The most important thing a quarry can do is measure. Measure everything. Thorough, accurate data is absolutely essential to quarries that want to grow. In this article, we will look at three key reasons to ensure your quarry has quality data.
Efficient Data Capture –
The first problem in many quarries is their method of data capture. Oftentimes, technicians collect data manually. Not only is this an inefficient method of collection, it leaves unnecessary room for human error. Furthermore, compared to automated data capture, manual data collection is incredibly tedious and not cost effective in the long-term. To remedy this, more and more fleet management softwares have implemented automated data capture that is available in real time. This provides an incredible amount of visibility and allows for managers to make informed decisions and put them into action at rapid speeds. Beyond the obvious increases to productivity, the elimination of human error from the data process grants increased safety to quarries. Quarry managers can focus more on making key decisions for the quarry and less on worrying about the accuracy of the information they are working with.
Smart Data Usage –
So now you have accurate data, captured efficiently. How do you use it to its full potential? The most often overlooked way to use data, is to connect C-level executives. Oftentimes, C-level execs are left in the dark on many of a quarries day to day operations because the data isn’t readily presented to them, or worse, it is inaccurate. When accurate data is readily available to executives they get a clear, 360 degree view, that allows them to make the best informed decisions for a company. On a more short-term basis, quarry managers can use the data that is collected in real-time to make minor adjustments throughout the day to boost productivity. While these changes won’t be on the same scale as the decisions from execs, they will add up, and they would not have been possible without real-time data access.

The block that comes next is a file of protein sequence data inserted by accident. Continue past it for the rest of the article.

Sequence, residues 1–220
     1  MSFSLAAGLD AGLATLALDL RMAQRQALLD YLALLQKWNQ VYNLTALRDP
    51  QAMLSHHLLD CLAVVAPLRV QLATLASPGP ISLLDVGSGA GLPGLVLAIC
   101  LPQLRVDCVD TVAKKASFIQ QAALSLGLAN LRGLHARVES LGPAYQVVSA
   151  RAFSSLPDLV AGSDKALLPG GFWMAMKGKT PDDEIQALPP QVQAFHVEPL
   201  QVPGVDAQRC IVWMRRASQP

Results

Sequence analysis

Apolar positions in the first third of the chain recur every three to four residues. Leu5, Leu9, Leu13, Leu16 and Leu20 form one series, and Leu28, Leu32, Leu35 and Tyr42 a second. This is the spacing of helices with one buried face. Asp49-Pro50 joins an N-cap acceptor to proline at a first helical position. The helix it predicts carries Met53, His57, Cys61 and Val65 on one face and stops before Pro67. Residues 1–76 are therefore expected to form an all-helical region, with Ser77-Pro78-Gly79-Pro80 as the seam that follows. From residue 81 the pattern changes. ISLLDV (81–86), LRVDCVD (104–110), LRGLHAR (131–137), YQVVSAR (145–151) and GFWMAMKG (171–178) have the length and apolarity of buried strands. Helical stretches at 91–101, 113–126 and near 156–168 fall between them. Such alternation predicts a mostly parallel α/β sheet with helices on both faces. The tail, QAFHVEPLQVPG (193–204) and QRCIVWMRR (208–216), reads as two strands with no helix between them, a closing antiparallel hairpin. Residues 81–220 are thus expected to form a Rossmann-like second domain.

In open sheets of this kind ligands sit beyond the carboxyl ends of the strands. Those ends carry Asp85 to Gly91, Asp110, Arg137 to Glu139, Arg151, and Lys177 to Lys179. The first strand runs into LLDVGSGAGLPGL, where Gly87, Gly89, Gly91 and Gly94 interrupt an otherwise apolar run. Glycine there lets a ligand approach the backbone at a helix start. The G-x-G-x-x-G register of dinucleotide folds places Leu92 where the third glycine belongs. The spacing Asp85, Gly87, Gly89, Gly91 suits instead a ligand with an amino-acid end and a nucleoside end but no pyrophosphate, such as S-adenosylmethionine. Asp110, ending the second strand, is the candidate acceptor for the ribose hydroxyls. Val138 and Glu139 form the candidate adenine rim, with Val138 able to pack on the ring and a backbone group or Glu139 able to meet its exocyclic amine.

Forward Thinking Operations –
In an increasingly digital landscape, quarries have to think, to a degree, like tech companies. They could do well to replicate the fast moving, prototyping, philosophy held by many silicon valley companies. Furthermore, with the aid of data, new, inexperienced hires don’t have to be a big risk. You can’t teach years of experience in a week. However, you can help trainees understand the data that is being collected. Then, use it to set goals and strive to perform at the same level as experienced team members. All of these practices are that of a modern business. The thought of becoming a more modern business may be uncomfortable for many quarries. However, if they want to remain competitive, they won’t have a choice.